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Take Care of Yourself in This Time of Freak Out

Take Care of Yourself in This Time of Freak Out

I have this friend, see, who can’t seem to be able to land a decent job to save her life.  It’s not for the lack of trying. For four solid years. I’ve never seen anyone work as hard as she is looking for a decent job where people treat her respectfully and allow her to express her full potential. I really feel very bad for her.

But this posting isn’t about her. This is about me.  I’m about to lose my mind. It’s not that I don’t care about her. I do. It’s not that I’m not sympathetic with her situation. I am. It’s not that I haven’t already spent hours listening to her unspool her latest frustrations again and again. I have. It’s that I have kept an emotional Open House going for months.  It’s closin’ time. I’m going nuts here.

Is it too controlling to draw a safety circle around myself and say, “This is a complaint-free zone”? I’m thinking not. And I’m thinking that if there is any value we can take away from these horrible, horrible times, it’s perhaps a skill set in taking care of our minds and, in fact, brains, when our lives are saturated with freak out! Here’s what I’ve come up with so far:

Stop thinking you’re so special. Why is it that our group is stunned that we’re in such deep trouble economically and politically? I can’t think of a single generation, region or nation that hasn’t endured some kind of major tragedy. So why should we be different?

Brighten the corner where you are. Here’s where you can exert some control of your life. There is still an elderly neighbor to help with groceries, a homeless pet to adopt, a bereft friend to sit with, a friend to listen to (within reason), a pleasant dinner party to throw Even if it’s only boiled potatoes, the conversation can be uplifting.

Fill your memory banks with stories of hope and golden moments.  Notice the beauty around you. Hang out with people who will talk with you about miracles and sunsets and snowfalls and bunnies and bluebirds. They’re all still there, regardless of what’s going on in the economy and politics.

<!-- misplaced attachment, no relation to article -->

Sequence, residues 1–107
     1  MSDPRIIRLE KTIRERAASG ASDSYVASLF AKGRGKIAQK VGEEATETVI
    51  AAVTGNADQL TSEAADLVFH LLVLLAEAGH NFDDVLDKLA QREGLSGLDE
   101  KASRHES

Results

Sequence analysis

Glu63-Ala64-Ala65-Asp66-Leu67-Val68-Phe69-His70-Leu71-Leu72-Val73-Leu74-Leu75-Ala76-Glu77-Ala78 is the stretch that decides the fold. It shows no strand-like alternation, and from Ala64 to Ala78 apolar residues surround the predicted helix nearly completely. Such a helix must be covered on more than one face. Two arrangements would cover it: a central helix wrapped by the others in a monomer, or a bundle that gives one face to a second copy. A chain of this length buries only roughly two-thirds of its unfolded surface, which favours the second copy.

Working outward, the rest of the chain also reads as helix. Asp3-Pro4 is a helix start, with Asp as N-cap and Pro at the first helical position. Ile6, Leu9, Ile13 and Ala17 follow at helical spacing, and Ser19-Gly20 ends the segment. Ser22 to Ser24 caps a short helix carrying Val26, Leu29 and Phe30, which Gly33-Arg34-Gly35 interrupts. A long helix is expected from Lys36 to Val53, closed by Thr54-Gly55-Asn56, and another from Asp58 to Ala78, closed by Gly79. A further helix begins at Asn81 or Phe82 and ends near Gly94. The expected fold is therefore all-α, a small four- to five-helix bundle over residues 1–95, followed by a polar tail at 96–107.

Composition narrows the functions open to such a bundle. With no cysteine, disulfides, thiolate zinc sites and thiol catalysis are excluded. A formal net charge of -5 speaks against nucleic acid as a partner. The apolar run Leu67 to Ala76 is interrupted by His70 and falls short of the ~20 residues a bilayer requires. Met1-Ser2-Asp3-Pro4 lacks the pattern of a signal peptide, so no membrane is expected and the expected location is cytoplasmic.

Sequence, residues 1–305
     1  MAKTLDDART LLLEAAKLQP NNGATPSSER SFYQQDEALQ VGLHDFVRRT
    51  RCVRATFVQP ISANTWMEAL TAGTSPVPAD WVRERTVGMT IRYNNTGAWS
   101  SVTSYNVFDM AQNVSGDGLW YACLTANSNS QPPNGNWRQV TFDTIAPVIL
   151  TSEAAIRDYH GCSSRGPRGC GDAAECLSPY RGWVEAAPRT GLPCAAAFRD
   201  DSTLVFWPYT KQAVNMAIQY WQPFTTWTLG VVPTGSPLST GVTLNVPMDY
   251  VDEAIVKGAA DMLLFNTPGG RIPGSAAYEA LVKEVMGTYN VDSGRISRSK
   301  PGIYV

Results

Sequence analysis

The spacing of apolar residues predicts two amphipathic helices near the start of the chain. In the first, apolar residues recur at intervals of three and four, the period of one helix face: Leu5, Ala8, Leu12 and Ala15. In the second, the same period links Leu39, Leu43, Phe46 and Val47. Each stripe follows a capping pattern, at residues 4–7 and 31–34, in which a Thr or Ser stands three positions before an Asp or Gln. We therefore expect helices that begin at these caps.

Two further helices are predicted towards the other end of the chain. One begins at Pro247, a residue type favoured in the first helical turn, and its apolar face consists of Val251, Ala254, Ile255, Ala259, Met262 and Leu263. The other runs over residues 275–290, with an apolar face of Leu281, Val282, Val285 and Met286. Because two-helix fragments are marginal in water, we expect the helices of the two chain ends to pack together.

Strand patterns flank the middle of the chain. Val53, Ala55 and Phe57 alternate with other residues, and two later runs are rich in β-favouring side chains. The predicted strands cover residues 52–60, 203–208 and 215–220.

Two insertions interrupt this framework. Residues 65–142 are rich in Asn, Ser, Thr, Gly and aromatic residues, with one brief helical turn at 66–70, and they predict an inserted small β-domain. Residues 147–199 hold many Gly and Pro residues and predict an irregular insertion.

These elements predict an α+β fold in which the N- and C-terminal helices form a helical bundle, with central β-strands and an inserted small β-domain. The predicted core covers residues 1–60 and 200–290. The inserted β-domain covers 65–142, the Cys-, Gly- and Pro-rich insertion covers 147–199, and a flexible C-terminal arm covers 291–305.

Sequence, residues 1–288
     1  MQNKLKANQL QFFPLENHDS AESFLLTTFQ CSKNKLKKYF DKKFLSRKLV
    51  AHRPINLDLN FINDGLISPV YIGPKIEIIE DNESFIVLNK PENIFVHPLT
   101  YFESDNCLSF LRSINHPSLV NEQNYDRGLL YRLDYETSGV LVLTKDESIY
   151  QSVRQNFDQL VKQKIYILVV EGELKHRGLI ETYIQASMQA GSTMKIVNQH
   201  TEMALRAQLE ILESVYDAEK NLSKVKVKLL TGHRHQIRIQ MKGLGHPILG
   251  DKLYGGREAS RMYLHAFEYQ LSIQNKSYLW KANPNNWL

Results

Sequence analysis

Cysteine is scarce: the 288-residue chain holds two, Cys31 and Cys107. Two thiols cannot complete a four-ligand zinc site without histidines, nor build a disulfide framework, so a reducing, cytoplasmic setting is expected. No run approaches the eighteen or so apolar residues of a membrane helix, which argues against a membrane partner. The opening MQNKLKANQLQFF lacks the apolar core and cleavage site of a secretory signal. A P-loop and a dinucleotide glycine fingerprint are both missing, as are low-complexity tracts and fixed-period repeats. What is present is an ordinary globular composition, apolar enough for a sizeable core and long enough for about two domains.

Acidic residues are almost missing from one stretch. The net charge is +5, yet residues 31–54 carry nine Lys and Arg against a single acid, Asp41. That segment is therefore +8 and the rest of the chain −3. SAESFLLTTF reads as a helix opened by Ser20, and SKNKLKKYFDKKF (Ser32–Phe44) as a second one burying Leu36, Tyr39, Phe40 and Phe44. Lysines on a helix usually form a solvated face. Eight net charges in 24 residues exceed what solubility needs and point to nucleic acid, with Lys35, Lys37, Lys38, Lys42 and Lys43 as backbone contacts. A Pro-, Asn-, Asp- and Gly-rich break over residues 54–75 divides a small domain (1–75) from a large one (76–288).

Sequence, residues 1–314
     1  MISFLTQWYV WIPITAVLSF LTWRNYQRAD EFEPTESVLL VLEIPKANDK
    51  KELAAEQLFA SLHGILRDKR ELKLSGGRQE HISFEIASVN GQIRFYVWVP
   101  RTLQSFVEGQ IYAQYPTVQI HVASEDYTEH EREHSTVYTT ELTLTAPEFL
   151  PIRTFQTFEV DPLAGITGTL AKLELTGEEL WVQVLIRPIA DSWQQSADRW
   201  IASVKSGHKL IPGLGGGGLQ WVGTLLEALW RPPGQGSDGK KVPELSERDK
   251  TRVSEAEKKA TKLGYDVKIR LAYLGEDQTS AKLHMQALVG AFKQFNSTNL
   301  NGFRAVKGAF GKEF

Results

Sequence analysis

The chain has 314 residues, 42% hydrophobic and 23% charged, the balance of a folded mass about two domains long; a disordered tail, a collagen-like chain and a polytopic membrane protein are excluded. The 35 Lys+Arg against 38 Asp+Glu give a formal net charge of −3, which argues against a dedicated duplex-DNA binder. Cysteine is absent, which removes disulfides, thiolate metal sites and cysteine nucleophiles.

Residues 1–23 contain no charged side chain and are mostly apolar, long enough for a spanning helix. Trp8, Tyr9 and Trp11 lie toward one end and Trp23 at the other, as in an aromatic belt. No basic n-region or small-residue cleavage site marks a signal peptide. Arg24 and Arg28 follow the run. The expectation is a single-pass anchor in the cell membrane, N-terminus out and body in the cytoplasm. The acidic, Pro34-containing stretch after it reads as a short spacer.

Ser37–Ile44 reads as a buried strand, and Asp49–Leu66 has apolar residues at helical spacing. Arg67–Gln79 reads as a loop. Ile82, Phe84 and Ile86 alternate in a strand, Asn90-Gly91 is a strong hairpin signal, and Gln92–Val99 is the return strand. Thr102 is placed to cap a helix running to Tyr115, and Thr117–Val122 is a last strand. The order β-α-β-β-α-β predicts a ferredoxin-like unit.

Appreciate what you have. So we’ve been a nation of rampant acquisition. Now you’ve got your Ipod, your Iphone, your flat-screen TV, your KitchenAid mixer, your Beemer. Enjoy them. Might as well. Can't take them back.

Use up your stuff.  I get a weird sense of control and accomplishment when I pitch a completely empty container of anything.

Give away your extra stuff.  I'm shopping my bookcases this fall. Enjoying the feeling of putting yet another finished book into a bag for the local animal shelter thrift store. It feels good to know that my reading habit will transmogrify into Gravy Train and Little Friskies.

Take care of your brain.  Saturating your brain with anxiety-caused chemistry is not good for the meat between your ears. Stay away from anxiety-inducing messages, attitudes, movies, music, friends.

Laugh.  It just feels good.  Personally, I've been going through my collection of Bill Bryson books like a wood chipper lately.

Eat for your brain.  Read Daniel Amen’s book, Making a Good Brain Great. Salmon, berries, rainbow foods, the usual suspects. But somehow reading Amen's book made me feel smarter about those choices.

Get the sleep you need. Amen urges seven to eight hours, just so the brain has the chance to restore itself. Personally, I have a nasty habit of waking up at 3 am.  But, for me, it’s a great writing time.  So I take a nap in the afternoon. I don’t think Amen would approve. But hey, a girl has to do what a girl has to do.

Of course, exercise goes without saying. Really. Don’t say it.

Keep company with positive people who are nice to you, who keep their commitments with you, who share your values, who make you feel generally good about yourself and the world.

Take care of your mood.  And so now we circle back to what started this conversation in the first place. To the extent you can, draw a circle around your spirit, claiming your immediate-impact-area to be a no-complaint zone.

Research has shown repeatedly that an appreciative, positive approach to life and how we take care of our noodle make a huge difference in our abilities to prevail, thrive, and come up with innovative solutions. This is high-performance crunch time.  So we better start treating ourselves as emotional athletes. Start with that muscle upstairs.

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Martha I. Finney is the author of The Truth About Getting the Best From People, and a consultant specializing in employee engagement. For a free consultation on how you can build a vacation-friendly workplace culture, email Martha at

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